Home / Spring 2015 / 2015-03-05 / Crate diggers rejoice: The wax comeback

Crate diggers rejoice: The wax comeback

by John Preer

Remember way back when? This question is the driving force behind the recent trend of vintage items.

This retrospective movement has gone from dusty clothing and discontinued candy to ‘90s cartoons and restored automobiles. People seem to have an involuntary need to reminisce about the “good old days.”

Music can be a powerful trigger for memories, but sometimes it’s not the music that triggers the memory.

Sometimes the medium we listen to the music on is the trigger. Over the years the physical form we choose to store and listen to music has changed drastically. Perhaps the most timeless of these mediums is the wax vinyl record.

Most vinyl records come in one of two formats, the 12-inch 33 rpm and the 7-inch 45 rpm. The “rpm,” revolutions per minute, refer to the speed at which the record should be spun in order to play.

The vinyl record has been in rotation since the late 1800s and has withstood the test of time better than some of its successors. The way vinyl records work is rather ingenious.

The actual disc is nothing more than a piece of pressed wax. The actual music is stored on the small grooves in the vinyl’s surface. Because the music is stored this manner any damage to the surface of the record will have adverse effects on the quality of the music.

Vinyl enthusiasts are often called “crate diggers” in reference to how many people choose to store the records.

Whether by design or not, milk and produce crates are perfectly sized to store the relatively large and cumbersome records. The size of vinyl records is perhaps one of the biggest reasons for its fall in popularity.

Any sizeable record collection demands a decent amount of space and a strong back. The older vinyl records were made of a thicker quality wax and as a result weigh more than the average 120 gram record.

When it comes to digging for the perfect addition to your collection, a few factors should be taken into consideration. The most important tip is to inspect records before you purchase. There is no greater disappointment than getting home after spending good money on a vinyl and discovering it is badly scratched. Depending on where you go to buy your records some stores will let you listen to the record before you purchase it.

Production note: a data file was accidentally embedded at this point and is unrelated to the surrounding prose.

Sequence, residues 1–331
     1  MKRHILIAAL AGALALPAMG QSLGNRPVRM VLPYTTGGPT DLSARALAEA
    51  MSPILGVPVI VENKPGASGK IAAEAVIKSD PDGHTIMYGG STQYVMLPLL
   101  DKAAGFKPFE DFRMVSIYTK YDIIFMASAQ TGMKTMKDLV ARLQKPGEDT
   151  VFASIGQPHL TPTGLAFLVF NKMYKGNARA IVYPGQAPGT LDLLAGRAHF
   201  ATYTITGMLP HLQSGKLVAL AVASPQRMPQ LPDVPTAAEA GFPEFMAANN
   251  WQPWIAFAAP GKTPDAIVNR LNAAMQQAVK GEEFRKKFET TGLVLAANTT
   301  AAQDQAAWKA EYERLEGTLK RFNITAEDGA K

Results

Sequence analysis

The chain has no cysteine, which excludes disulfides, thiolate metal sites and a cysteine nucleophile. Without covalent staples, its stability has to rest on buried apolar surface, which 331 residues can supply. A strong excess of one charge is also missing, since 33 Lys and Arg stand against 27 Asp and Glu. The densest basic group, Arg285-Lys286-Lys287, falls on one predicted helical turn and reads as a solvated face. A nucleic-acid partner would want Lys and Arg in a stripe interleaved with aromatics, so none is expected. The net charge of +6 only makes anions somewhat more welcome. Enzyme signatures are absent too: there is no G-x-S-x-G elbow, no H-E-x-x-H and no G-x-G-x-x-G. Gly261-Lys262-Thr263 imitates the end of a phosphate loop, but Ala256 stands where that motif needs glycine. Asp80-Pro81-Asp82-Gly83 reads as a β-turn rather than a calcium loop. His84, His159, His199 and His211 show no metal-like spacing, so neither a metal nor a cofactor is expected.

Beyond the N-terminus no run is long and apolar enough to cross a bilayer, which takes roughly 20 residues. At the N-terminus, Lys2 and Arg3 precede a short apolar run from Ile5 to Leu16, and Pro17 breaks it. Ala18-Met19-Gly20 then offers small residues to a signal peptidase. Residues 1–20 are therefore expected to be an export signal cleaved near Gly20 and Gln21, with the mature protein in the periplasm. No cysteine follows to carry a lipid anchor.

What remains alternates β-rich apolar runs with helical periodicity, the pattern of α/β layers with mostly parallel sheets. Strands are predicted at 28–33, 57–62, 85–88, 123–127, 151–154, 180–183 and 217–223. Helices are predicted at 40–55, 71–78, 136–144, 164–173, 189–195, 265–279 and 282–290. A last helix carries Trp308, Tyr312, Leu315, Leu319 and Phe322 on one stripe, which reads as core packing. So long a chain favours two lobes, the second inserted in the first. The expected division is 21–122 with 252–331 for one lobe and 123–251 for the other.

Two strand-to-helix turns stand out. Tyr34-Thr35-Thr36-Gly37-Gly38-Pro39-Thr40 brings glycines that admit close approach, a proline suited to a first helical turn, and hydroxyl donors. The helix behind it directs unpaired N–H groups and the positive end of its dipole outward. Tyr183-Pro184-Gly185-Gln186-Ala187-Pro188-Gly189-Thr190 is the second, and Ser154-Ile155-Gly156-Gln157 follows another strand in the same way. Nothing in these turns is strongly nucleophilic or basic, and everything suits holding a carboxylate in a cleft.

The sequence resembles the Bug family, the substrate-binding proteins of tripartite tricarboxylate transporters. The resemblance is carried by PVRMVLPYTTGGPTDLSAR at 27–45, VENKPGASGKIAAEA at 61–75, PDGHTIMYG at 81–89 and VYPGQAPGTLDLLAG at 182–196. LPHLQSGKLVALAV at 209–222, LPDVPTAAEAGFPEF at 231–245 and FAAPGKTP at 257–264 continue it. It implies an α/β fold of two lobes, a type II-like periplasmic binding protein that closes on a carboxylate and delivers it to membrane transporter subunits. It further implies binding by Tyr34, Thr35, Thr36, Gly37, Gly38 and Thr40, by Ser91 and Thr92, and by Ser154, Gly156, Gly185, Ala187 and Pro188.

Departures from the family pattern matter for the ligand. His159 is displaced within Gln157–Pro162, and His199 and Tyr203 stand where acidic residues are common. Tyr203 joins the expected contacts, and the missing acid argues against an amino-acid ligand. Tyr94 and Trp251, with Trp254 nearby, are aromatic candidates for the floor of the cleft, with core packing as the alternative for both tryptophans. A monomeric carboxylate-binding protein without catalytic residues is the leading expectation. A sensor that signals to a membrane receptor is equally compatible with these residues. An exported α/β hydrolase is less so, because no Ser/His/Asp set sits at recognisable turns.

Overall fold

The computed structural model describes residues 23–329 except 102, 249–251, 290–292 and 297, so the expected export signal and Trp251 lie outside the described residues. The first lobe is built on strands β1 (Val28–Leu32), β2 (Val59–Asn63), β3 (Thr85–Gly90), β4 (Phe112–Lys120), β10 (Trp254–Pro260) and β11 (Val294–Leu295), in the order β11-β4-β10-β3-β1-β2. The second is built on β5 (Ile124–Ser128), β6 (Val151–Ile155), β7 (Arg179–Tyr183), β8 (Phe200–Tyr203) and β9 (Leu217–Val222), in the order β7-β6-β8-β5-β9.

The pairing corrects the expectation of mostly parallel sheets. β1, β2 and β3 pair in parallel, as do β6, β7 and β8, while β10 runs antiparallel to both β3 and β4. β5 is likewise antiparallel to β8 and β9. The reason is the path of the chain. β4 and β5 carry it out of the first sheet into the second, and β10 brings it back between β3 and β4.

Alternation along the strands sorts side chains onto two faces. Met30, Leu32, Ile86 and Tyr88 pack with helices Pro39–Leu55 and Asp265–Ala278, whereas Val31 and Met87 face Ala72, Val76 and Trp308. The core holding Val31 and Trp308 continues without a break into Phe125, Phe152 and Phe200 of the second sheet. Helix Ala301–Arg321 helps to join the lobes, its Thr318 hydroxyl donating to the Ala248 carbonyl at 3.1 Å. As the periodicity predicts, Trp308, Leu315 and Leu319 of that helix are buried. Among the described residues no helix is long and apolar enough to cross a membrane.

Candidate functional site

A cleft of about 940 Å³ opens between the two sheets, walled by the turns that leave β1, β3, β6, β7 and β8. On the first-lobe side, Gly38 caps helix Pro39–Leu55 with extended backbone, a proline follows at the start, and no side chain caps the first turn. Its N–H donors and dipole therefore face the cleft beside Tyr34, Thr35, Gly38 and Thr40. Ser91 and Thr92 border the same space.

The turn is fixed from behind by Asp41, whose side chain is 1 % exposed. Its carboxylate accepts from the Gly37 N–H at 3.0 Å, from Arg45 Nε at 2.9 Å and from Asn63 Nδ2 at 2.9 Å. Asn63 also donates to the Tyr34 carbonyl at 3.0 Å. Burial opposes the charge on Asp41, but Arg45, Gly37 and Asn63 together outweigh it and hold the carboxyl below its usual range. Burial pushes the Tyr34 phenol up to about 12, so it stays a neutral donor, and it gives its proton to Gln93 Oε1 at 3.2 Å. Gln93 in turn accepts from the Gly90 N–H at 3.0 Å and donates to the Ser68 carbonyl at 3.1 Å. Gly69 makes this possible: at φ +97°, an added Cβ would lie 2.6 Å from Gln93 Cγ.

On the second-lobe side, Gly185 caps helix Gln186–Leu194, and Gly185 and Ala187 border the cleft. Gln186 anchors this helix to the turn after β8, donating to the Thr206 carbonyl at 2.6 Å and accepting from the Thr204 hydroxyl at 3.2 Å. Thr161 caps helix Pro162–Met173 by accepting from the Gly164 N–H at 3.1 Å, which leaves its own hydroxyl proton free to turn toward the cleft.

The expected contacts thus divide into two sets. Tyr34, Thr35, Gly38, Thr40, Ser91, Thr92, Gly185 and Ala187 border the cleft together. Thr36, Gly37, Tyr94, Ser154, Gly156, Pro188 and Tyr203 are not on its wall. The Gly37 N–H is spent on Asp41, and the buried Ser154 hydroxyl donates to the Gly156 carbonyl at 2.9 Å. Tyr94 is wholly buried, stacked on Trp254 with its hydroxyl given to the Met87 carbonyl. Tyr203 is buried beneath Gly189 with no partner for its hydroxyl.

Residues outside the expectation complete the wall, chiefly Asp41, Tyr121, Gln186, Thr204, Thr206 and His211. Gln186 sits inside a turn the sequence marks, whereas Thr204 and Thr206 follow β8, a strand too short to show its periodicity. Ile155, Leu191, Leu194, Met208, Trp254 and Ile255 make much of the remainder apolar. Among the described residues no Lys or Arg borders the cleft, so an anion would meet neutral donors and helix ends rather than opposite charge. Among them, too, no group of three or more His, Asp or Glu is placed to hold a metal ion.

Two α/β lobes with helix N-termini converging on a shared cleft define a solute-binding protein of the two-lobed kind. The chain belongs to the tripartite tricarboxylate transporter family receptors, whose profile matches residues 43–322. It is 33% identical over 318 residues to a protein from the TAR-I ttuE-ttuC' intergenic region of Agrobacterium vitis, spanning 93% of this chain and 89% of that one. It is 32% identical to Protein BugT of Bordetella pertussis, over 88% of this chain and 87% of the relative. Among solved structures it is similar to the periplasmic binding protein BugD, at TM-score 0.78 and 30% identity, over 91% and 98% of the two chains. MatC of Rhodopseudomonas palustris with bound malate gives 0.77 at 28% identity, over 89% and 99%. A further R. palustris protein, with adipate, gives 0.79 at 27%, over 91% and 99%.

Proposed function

Do your research before buying. Just because a record is old doesn’t mean it is extremely valuable. Many records were mass produced so there is bound to be a duplicate somewhere. If you find yourself lost in a sea of vinyl with no idea as to what kind of music to expect from these dusty cardboard sleeves, don’t panic. This is by no means an infallible tip, but amazing album artwork is usually a decent indicator of the quality of music.

Any inspiring crate digger should invest in a few things before starting their collection. First and foremost, you need a record player. Some record players will only play one format or the other; however, there are record players that will play the 12 and 7-inch formats as well as CDs and cassette tapes.

A microfiber cloth and record cleaner are must have items. Rubbing alcohol works just as well and may be easier to find. Remember, a clean record is a happy record.

Lastly, put some thought into where you decide to store your records. Heat, moisture and light can all affect the quality and shelf life of your records. The wax used for vinyl records is very pliable and if not stored properly can warp drastically. There are machines that you can purchase to de-warp records, but they can be a little pricy. There are some more economic methods to remove any warps like applying pressure and heat to the record in order to reshape it.

The last tip for the would-be crate digger is to search long and often. Any good digger will tell you that the best records are rarely found easily. The good stuff usually requires a little more work. Keep in mind that this can be a time-consuming hobby.

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